Speaking of which, my teacher seems to be unaware that I am not a female as well. She does nothing to take my maleness into account. You may say that we are all equal in the desire for enlightenment, but even so, we are not all carrying the same passport. We have not packed the same bags. Which is to say, the junk in the trunk of the 7th chakra is not of the same square inches. I am supposed to stand, put my feet firmly together, then touch my toes. No problem if my name is Sue or Sarah, but if my name is Tom, this is an ouchee. Two little carry-on items have to go from front to back, and they are stuck. I guess Billy Bob is fine, since he has been riding horses all his life, but Tom has no space between the gams. I couldn't pass a dime through there, much less the jewels.
But I'm not the only one struggling, which is encouraging. Most of the ladies aren't following instructions either, which isn't surprising since you would have to be made of slinkies to do what we are told to do. A lady across from me, who appears to be built from the general mold of the wallaby, doesn't seem to know what to do with her stomach chakra, which is enlightened to astonishing degrees. Her two chest chakras are also bursting with prana and aura and so on, and they appear to be trying to merge with her stomach chakra, creating oneness. As is the case with such bodies, the arm and leg chakras seem to be too short, as a recompense, and as with a bassethound, it is a struggle just to keep the torso off the subtle earth. Plank pose, which is like the top of a pushup, should, reasonably, be a four-point pose, but with this lady it is a six point pose, seven if you count the belly button, eight if you count the chin hairs.
A woman to my left has a different hill to climb. She is normal, even lithe, down to the waistline, but below that she has grafted a whole other body, one equipped to deal with a planet of different gravity. Downward dog becomes for her a Hadean task, like rolling a giant boulder up a steep incline with only a slender reed. She looks like two leaning loblolly trees being supported by two dandelion stalks.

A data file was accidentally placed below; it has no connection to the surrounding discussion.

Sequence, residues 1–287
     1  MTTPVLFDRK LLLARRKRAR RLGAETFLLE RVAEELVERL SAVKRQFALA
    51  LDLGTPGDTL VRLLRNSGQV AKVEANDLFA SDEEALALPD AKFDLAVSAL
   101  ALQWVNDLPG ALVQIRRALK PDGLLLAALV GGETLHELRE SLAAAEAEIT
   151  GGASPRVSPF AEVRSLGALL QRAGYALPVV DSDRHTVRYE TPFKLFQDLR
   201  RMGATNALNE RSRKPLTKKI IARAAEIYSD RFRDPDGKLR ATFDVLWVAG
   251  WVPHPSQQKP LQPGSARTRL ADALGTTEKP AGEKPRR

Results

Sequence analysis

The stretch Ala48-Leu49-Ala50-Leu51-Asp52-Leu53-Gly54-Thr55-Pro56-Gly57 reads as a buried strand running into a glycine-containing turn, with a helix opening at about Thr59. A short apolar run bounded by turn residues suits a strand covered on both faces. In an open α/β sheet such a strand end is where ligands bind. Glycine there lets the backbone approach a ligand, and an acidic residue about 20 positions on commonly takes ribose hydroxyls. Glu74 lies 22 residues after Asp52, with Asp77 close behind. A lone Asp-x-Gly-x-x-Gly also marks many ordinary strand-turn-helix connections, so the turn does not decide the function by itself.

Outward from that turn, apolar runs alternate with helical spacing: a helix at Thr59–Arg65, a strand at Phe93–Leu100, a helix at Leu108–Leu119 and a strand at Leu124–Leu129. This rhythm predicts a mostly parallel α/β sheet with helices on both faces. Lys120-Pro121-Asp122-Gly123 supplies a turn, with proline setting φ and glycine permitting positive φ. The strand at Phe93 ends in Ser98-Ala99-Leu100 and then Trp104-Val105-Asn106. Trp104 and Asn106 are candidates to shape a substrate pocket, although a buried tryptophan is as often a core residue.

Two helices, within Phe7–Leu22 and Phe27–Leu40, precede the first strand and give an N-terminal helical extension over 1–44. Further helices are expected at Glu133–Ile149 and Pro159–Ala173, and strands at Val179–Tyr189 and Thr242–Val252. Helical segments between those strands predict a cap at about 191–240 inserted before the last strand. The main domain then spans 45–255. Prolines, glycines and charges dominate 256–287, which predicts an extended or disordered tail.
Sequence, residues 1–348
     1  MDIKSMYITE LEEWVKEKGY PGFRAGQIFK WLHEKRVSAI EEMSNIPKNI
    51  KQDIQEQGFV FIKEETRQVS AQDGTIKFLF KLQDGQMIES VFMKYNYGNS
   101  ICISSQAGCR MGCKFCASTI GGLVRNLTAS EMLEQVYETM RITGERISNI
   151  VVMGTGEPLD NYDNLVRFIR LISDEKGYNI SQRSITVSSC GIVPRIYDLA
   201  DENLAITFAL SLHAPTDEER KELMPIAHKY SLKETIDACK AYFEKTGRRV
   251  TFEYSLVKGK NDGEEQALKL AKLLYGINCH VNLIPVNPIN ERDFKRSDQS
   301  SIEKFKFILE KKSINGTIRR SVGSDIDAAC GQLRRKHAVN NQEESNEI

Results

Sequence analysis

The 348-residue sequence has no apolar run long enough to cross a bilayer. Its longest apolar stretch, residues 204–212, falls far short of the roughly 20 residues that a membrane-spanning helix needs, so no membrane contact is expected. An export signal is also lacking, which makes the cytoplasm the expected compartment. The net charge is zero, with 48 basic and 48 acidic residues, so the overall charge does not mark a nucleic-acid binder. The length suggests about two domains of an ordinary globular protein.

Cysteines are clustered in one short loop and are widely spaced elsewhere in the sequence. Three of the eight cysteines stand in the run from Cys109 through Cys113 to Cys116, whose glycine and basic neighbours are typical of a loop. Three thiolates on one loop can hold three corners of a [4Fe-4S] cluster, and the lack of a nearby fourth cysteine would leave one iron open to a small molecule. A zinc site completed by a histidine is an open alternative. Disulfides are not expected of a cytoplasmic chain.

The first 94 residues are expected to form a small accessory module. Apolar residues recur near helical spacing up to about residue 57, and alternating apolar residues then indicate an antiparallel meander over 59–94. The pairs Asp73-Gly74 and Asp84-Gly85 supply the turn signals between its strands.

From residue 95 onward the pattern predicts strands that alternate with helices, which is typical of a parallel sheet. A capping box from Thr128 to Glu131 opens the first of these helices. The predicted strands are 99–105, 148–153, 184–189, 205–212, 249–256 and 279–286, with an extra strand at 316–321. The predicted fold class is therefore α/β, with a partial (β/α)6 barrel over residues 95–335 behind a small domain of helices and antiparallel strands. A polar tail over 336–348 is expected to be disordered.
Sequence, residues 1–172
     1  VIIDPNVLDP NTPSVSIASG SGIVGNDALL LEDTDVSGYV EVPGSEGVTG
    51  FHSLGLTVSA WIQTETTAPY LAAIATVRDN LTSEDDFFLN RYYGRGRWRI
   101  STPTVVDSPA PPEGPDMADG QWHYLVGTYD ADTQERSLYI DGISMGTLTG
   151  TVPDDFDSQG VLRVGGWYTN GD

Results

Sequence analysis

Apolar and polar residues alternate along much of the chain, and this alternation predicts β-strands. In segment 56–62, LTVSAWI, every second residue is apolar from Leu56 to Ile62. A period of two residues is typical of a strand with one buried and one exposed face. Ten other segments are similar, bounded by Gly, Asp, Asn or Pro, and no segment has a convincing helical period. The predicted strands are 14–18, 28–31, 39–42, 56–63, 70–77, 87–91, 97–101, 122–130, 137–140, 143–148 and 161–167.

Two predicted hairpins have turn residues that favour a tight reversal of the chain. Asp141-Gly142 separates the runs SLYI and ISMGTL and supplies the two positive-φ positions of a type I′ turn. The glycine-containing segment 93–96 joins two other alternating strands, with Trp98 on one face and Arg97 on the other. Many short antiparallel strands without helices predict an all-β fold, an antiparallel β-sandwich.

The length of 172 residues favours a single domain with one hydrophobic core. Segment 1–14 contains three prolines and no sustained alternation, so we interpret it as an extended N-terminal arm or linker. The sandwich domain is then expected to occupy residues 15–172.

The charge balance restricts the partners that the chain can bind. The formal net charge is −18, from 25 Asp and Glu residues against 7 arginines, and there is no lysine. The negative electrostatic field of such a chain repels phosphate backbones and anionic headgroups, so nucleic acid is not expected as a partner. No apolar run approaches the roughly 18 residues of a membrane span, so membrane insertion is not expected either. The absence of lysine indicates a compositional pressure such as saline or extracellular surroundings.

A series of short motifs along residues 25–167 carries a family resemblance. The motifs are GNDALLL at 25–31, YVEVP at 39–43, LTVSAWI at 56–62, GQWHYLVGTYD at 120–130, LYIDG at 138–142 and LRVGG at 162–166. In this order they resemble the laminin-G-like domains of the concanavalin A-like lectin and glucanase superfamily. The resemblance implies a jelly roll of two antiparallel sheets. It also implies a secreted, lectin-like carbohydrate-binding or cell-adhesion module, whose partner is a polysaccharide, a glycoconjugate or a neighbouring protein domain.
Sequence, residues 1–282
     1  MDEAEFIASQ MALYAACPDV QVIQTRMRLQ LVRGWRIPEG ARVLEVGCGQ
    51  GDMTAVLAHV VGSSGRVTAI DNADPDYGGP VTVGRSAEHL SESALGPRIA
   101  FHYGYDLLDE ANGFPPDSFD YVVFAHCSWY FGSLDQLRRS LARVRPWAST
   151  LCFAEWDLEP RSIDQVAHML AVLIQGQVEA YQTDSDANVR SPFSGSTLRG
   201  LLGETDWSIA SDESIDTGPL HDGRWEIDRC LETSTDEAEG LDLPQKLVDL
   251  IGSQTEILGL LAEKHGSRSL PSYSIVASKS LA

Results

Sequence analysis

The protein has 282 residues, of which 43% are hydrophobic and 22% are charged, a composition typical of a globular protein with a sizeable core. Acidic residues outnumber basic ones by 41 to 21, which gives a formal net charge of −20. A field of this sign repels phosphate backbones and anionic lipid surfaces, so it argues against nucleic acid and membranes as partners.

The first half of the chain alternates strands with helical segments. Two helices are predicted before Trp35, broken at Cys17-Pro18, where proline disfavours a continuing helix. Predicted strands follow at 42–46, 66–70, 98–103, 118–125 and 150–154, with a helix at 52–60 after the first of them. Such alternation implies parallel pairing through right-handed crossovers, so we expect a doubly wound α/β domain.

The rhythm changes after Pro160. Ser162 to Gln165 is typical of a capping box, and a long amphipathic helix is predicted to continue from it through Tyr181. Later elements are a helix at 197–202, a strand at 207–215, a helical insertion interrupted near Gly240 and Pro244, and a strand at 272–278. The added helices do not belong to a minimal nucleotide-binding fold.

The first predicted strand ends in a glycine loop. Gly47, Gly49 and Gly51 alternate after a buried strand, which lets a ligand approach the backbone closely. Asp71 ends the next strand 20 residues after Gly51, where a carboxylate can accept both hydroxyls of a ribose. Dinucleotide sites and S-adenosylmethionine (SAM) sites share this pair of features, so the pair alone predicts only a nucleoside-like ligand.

The one other male in the class has it no better. He is fairly muscular and is highly aware of it, but all the oil appears to have been removed from his crank case. He is like the tin man after a downpour. He can't touch his knees, much less his feet. He moans in pain and exasperation in downward dog, since he can barely get his butt above his ears. His waist has been welded tight, and you can almost see the rivets. All his joints seem to have been fused, as in some sad accident at a glue factory. Equally sad are the mats of black hair all over his body (except on the top of this head) which also prevent any residual mobility. Every motion appears to be impeded by some hair catching on some piece of muscle or clothing, and it is a miracle he managed the locomotion required to get to class, or to remove himself from the bench press machine.
Yes, I find that yoga is mainly a routine of slow and grinding humiliation, which could only be more painful to the average psyche if it were done, like ballet practice, in front of a mirror, or like comedy, in front of a hostile audience. As an exercise, it should probably only be done by pumas, a few species of gazelles, and very young giraffes. Anyone else is just begging for a general dislocation of bones and cartilege, vast internal hemorrhaging, and several weeks in traction.
In a pile
Upon a log
Over the water
Third from the bottom
Secreting my own hard shell
More Tom Turtle